8. Decide where in the classroom you would like to display/store the bags and place them there. **Mold grows more rapidly in dark places Students will periodically observe what “grows” on their samples and compare the differences between the clean and dirty bags, while completing their observation logs. You may want to determine how often students will investigate the samples based on how quickly reactions become visible.
  9. Upon the conclusion of the activity, students will be able to compare all samples from both groups and make a general determination of which substance was better suited for cleaning hands.
  • Helpful Tips:
  • This is a wonderful activity to complete during flu season so students will develop a greater appreciation for hand washing and using hand sanitizer.
  • The number of groups per class may vary but remember that the goal is for the bread to become as contaminated as possible, so the more hands the better!
  • Mold grows best, and more rapidly in moist, dark places, so you may want to store the bags in a cabinet or drawer. However, it may also be quite impactful for the bags to be openly and prominently displayed in the classroom, where students can make general observations daily and curiosity will remain peaked. It may be beneficial to display them in the classroom during the school day and store them in a dark cabinet/drawer overnight.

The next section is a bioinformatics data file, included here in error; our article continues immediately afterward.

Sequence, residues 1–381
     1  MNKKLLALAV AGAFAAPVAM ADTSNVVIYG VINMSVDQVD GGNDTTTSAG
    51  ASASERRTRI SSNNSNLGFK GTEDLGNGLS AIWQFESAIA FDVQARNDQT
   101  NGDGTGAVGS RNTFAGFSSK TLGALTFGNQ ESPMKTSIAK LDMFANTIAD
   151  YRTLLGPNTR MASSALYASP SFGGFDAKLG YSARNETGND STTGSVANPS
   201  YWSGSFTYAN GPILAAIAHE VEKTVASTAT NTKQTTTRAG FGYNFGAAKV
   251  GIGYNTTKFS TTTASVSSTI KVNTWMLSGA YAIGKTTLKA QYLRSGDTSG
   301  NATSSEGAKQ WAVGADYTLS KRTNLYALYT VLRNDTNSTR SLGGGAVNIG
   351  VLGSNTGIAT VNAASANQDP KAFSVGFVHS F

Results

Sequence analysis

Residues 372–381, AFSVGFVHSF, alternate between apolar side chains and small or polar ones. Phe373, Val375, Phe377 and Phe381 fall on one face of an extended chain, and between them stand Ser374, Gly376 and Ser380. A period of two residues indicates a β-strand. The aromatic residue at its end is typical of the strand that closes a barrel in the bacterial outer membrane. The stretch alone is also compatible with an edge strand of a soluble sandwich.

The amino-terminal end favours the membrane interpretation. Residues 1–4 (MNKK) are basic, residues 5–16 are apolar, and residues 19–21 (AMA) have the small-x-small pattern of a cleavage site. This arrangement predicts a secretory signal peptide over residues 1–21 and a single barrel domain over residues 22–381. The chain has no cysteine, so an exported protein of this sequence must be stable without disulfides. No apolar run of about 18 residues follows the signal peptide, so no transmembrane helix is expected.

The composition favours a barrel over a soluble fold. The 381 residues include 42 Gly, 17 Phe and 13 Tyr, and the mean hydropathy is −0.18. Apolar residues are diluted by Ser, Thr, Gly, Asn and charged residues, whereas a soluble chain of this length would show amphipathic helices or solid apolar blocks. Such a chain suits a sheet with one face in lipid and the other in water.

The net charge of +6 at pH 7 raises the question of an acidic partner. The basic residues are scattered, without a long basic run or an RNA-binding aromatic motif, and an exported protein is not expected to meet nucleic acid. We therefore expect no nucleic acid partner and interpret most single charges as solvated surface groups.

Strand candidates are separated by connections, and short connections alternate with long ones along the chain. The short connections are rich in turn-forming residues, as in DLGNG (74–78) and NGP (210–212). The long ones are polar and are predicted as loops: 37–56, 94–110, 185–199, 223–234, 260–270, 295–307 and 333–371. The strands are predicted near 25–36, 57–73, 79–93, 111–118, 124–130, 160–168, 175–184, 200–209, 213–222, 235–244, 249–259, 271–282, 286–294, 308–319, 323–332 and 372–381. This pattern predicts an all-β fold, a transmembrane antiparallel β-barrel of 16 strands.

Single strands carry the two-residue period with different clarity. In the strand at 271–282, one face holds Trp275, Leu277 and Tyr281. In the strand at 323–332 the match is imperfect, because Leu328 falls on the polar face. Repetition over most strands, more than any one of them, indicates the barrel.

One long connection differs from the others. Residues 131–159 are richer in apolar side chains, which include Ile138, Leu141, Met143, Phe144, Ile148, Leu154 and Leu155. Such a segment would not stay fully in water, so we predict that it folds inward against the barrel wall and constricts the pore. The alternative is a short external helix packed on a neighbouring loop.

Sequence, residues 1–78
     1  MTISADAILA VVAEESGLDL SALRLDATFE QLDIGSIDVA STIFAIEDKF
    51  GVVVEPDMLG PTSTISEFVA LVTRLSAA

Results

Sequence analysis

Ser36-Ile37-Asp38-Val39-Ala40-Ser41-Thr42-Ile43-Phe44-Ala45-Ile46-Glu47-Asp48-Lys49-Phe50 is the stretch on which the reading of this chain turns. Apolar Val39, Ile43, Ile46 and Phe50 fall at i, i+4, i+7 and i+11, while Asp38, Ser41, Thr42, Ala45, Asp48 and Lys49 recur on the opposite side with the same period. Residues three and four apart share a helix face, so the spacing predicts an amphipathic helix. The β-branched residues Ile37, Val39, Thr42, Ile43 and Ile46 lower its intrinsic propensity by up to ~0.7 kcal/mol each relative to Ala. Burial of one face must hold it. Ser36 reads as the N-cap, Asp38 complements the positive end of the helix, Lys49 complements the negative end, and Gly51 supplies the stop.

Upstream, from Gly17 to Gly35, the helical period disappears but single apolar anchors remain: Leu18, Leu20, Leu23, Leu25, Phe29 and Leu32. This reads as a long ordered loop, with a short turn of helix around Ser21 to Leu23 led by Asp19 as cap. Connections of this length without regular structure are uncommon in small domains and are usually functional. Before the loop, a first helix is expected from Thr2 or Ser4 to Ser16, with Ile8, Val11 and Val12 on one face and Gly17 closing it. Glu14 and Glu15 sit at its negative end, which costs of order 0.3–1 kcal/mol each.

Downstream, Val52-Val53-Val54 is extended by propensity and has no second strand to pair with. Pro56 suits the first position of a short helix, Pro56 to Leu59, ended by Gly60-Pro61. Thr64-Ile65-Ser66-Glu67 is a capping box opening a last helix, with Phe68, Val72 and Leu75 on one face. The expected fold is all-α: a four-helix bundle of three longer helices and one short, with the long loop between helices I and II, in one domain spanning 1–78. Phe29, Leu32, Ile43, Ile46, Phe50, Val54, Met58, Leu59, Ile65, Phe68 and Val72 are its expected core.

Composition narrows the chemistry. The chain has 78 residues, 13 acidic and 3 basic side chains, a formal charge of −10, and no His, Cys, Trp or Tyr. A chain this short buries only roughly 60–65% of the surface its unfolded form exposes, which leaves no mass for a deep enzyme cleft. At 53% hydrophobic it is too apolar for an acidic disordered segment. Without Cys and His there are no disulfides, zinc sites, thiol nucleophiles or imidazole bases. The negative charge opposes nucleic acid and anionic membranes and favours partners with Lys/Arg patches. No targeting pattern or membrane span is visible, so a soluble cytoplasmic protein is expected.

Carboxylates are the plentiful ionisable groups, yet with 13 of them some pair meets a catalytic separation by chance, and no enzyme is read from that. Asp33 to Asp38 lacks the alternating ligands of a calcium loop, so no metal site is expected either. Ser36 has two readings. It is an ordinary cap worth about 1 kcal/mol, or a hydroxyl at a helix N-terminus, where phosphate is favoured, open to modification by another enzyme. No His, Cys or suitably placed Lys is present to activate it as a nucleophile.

• “Talk moves” is a great strategy to use in order to increase scientific discourse amongst your students. Until students have the process mastered, you may want have them complete a graphic organizer or take notes to share out based on the conservation they had with their group.
  • Divide Groups A and B into smaller groups (3-4 students) for observing, comparing, and discussing samples throughout the investigation. Creating an observation schedule may also be helpful, depending on the total number of groups and samples available.
  • For more advanced students or higher grade levels, consider adding a research component to the activity: assign a specific topic, i.e. one of the four major types of germs; common viruses and how they spread; the effectiveness of sanitizer or liquid hand soap; etc. and have students present their findings to class.
  • For lower grades/students, consider completing observation logs and discussions whole-group.